Special Occasion Speech Outline-2
Table of Contents
special occasion speech outline.
the subject will be a memorial speech of ( coming to USA ). Creat a story about that.
in the attechment you will find :
– Outline Examples and who it will be graded
B. Tie to the audience
C. Your credentials
D. Thesis/main topic
E. Preview of points
1. Point 1
2. Point 2
3. Point 3
II. Body – Point 1
A. Transitional word or phrase with a topic sentence for point 1
Body – Point 2
E. Transitional word or phrase with a topic sentence for point 2
Body – Point 3
I. Transitional word or phrase with a topic sentence for point 3
A. Transitional word or phrase leading into the conclusion
B. Restate your preview of points
C. Restate your thesis
D. Link back to your audience
E. Link back to your credentials
F. End with impact
APA references listed alphabetically with hanging indentions
General Purpose: To Commemorate
Specific Purpose: To acknowledge various aspects of diversity.
Thesis Statement: Diversity sparks interest, promotes respect and may lead to unwanted conflict which can be resolved through tolerance and understanding.
I. Attention Material
A. “We all should know that diversity makes for a rich tapestry, and we must understand that all the threads are equal in value no matter what their color.” These words are by Maya Angelou accessed from thinkexist.com.
II. Orienting Material
A. Tie to the audience: Isn’t it ironic? Something we all have in common is diversity.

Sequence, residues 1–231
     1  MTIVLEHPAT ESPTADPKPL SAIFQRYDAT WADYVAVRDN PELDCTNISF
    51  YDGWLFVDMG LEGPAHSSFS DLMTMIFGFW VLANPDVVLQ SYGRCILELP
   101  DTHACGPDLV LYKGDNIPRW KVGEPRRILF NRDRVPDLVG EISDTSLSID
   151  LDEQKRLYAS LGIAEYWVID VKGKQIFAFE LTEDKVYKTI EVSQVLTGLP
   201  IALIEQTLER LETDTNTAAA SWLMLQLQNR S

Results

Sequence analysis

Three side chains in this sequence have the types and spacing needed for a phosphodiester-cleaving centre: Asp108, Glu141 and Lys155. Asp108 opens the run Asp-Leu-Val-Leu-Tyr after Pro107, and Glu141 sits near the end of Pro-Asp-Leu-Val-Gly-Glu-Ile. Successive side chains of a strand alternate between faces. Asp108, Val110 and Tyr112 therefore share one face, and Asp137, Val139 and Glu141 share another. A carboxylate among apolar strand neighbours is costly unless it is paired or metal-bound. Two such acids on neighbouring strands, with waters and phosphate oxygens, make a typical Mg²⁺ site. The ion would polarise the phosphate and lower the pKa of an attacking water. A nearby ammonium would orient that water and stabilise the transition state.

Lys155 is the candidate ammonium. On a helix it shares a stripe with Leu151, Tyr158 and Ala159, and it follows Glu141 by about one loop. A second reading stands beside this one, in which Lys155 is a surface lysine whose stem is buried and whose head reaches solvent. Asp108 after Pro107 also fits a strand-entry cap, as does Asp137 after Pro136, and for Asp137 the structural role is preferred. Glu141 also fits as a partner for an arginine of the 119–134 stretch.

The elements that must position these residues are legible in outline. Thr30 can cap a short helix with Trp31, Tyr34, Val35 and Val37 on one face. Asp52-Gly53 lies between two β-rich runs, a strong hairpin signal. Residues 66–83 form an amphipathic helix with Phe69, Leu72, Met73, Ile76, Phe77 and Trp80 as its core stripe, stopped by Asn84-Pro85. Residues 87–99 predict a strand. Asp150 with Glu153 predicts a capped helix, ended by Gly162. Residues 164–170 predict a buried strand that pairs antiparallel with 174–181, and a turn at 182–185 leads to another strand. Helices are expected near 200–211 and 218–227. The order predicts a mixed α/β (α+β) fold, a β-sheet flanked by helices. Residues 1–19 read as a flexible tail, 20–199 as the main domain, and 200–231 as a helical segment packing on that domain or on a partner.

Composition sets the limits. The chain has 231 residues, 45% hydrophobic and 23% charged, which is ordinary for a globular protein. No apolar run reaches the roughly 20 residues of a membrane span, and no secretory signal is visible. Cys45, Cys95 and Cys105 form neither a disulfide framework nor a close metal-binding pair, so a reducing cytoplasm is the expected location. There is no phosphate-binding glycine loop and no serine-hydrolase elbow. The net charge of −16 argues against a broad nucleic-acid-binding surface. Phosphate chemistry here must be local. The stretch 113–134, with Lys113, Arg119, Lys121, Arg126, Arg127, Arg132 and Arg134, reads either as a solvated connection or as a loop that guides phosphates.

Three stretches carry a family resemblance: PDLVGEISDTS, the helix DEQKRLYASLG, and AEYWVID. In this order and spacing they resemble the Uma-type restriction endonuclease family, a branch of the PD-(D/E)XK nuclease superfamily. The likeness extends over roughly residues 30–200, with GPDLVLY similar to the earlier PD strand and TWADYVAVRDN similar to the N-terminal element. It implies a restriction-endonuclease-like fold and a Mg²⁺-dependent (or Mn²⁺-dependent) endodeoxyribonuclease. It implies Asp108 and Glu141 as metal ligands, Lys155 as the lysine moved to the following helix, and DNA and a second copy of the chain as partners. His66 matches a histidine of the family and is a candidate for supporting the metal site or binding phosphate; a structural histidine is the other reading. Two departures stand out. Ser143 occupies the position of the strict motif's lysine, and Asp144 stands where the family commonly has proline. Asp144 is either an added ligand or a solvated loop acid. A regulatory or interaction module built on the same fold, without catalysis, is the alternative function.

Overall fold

B. Credibility: Merriamwebster.com defines diversity in this way: “the condition or instance of having or being composed of different elements or qualities.”
C.Thesis statement/preview: Diversity sparks interest, promotes respect, and may also lead to conflict which can be resolved through tolerance, understanding and communication.
Transition: Living in times of freedom and expressiveness, it is easy to find interest around every corner. Diversity fulfills this for the curious mind.
I. Diversity sparks interest.
A. Diversity may influence personal principles.
1. Once you learn more about a culture, religion, or society, your values may be altered.
2. Morals and beliefs vary all over the world. Ina psychology class that I took previously, I was informed that society can be distributed into two main types of lifestyles: individualistic and collectivist.
a. The typical western individualist is a “self-made man” and will be applauded for his or her personal success and be valued for the individual’s attempt at reaching a personal goal.